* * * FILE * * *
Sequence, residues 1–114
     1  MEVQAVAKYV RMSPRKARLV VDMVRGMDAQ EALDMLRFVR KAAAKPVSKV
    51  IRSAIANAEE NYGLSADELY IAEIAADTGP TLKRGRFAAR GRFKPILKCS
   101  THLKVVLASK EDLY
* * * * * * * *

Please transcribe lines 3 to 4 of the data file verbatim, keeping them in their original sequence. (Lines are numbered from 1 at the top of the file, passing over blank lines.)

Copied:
    51  IRSAIANAEE NYGLSADELY IAEIAADTGP TLKRGRFAAR GRFKPILKCS
   101  THLKVVLASK EDLY